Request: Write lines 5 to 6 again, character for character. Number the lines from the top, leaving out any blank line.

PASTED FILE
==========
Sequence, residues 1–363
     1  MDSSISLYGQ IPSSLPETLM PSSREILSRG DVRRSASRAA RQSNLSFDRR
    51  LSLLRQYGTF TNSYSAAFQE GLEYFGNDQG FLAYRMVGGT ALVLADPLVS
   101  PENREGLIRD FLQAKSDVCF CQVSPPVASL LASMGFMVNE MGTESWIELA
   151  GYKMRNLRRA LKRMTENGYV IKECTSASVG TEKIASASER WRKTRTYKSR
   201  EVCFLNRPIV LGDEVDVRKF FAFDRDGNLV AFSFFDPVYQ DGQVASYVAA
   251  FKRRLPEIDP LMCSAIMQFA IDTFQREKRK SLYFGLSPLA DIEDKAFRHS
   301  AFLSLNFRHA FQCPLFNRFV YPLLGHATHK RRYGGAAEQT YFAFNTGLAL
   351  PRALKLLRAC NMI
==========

   151  GYKMRNLRRA LKRMTENGYV IKECTSASVG TEKIASASER WRKTRTYKSR
   201  EVCFLNRPIV LGDEVDVRKF FAFDRDGNLV AFSFFDPVYQ DGQVASYVAA